The Lewis and Clark expedition reached the sea near Seaside.
Seaside has one of the most compelling stories you’ll find anywhere in the Pacific Northwest. Read on to learn about the original Native American inhabitants, the visit by Lewis and Clark, the founding of the town, the attack by the Japanese during WWII, riots, and even tsunamis.
Before European settlement, the land that is now Seaside was home to the Clatsop Tribe. For millennia, it subsisted on a diet of seafood, game, berries, and roots. But fur traders and explorers brought diseases with them, and a deadly smallpox outbreak would eventually kill most of the Clatsop population. By the time the expedition of Meriwether Lewis and William Clark arrived, just 250 members of the tribe remained.
When Lewis and Clark reached the Pacific Ocean in November of 1805, they set up camp north of Seaside by the mouth of the Columbia River. In January of 1806, a few members of the expedition traveled south to set up a salt works, a place where ocean water could be boiled to harvest salt. The salt was essential, as the expedition had no other way to cure its meat. Today, you can visit a re-creation of the salt works on the exact location of the original.
After Lewis and Clark, the region slowly grew, and the town of Seaside was established in 1899. Early on, it was a place for tourists to experience the coast. From the 1920s to the 1940s, Seaside was a must-play stop for musicians on the West Coast, with Duke Ellington and Glenn Miller among the many top acts to play in the tiny town. As the old clubs closed, new ones opened and Seaside continued to be a music mecca for bands from all around the Pacific Northwest.
Seaside had its own taste of the turbulent 1960s when a riot broke out in the summer of 1962. The initial cause appeared to be a fight between two teenagers, but the combination of boredom, anger at the cancellation of a concert, alcohol, and a mob mentality fueled a riot. The fire department of Seaside responded by hosing down the crowd, but that didn’t stop them. Firefighters were injured, hoses were cut, and fire truck keys were stolen. Eventually the state police and the national guard were called in to restore order.
On the evening of March 27, 1964, the most destructive tsunami to hit the United States flooded parts of Seaside. The 9.2-magnitude earthquake hit near Alaska and sent waves down the West Coast. According to stories from the era, some of the town’s locals were dancing at a club in town when they noticed that water was rising to their ankles. Thinking a pipe had burst, the dancers went outside to see water streaming through town. Today, you’ll still find long-time residents who can recall living through the experience—and they are usually more than willing to share stories.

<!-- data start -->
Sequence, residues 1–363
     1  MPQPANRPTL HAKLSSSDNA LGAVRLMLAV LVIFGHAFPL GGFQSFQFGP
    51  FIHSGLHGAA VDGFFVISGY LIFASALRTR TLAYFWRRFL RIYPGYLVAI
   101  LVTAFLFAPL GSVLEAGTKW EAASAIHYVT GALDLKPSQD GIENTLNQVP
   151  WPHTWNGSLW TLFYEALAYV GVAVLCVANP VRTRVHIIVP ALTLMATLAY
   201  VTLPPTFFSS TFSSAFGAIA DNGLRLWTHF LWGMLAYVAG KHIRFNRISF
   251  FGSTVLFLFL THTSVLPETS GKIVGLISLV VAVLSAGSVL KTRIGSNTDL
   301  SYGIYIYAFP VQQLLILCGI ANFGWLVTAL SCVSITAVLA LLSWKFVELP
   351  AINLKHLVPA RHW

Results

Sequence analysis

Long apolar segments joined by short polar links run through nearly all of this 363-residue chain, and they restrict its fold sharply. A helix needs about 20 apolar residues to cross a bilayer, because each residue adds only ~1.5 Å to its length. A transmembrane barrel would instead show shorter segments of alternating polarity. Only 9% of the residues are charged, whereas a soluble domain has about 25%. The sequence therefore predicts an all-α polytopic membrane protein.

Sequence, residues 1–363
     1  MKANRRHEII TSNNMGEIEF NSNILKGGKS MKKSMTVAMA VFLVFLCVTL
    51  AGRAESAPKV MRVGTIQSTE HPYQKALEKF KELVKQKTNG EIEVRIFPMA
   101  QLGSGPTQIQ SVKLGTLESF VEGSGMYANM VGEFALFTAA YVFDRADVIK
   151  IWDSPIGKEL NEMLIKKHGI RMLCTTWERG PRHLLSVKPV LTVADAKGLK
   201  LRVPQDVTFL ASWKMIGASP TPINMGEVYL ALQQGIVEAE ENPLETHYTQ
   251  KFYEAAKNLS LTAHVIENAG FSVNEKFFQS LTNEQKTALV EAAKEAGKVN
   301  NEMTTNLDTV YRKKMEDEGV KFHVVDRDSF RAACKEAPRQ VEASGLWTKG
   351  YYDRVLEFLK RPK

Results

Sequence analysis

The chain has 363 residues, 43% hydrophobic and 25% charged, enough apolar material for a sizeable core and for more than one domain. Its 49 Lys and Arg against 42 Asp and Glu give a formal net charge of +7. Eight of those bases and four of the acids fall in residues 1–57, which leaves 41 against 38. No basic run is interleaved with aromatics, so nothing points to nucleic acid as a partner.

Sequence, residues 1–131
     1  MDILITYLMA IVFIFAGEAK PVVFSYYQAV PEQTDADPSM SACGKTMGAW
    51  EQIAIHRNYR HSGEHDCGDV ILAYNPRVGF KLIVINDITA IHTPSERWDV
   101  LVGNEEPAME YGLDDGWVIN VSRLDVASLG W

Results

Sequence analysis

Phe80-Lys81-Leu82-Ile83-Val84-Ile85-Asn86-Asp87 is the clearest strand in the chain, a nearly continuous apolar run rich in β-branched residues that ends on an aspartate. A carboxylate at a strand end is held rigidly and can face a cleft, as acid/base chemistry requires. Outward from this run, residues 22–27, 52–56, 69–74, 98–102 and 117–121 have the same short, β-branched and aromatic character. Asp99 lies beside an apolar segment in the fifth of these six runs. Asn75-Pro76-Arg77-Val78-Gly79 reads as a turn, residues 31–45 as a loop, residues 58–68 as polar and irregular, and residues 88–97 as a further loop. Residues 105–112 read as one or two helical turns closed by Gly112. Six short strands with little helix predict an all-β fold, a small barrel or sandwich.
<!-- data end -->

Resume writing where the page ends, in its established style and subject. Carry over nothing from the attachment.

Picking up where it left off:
That includes Gloria Stiger Linkley, a local historian who first moved to Seaside in 1937—and few know more interesting facts about the town than Gloria. Growing up in the town, moving away for a bit, and then returning, Gloria’s experience with Seaside has helped make her an expert. Working as a tour guide for cruise ships that come into Astoria, she is also a speaker, a tour guide in town, and the author of the book A Town Called Seaside. She was also living in town during one of the most famous events in Seaside history and witnessed it firsthand.
As crazy as the other events that have occurred in Seaside may be, June 21, 1942, is the year that stands out the most. Six months after Pearl Harbor, the town of Seaside witnessed the shelling of Fort Stevens by a Japanese submarine.
“I remember the night Seaside was under attack,” Gloria says. “There were no warnings and no sirens. We went out on the Promenade and could see flashes and hear the booms. Within seconds, MP jeeps roamed the town telling people to go inside. We were under attack and a Japanese Sub was just six miles south of Fort Stevens!”
After passing under a fishing fleet, the submarine emerged from the depths and started firing in the direction of the fort. Hidden from view, the fort sat silently, not wanting to let the enemy ship know its exact position. While there was no significant damage from the shelling, uneasiness settled over town. Up until that point, the war hadn’t impacted the town much. Afterward, blackout rules became strictly enforced, air raid drills were held, and the Tillamook Lighthouse even went dim. In 1943, it was common for Seaside residents to see blimps flying over the beach, as there was a station in Tillamook to monitor the shore and search for subs.
“Up until the point of the attack, the war didn’t impact the town much,” Gloria says. “Some things had changed, but the community was strong. After the war came to Seaside, we all realized we were not prepared to fight. Blackout rules then became strictly enforced and we had air raid warnings frequently.
“During the war years, we were united in one cause,” she continued. “It was not too much fun walking home in pitch dark, but we learned a greater appreciation for neighbor. We traded rations with our neighbors, bringing an unrivaled closeness to Seaside.”
To learn more about the fascinating history of Seaside, Gloria recommends heading to the both the Seaside Museum and Historical Society and Fort Clatsop, which was the winter encampment of the Lewis and Clark expedition. She also encourages a trip to Fort Stevens, as it has a complete room dedicated to the Japanese attack. There’s even more information on the attack at the Columbia River Maritime Museum in Astoria.
Finally, to truly get to know Seaside’s history, see it today. Walk Broadway, where you can get the feel of the people and feel the spirit of the town. Walk the Promenade, feed the seals at the aquarium, and explore the shops in the buildings that have been around for generations. The town has more than a century’s worth of stories to tell.
Written by Douglas Scott in partnership with City of Seaside Visitors Bureau.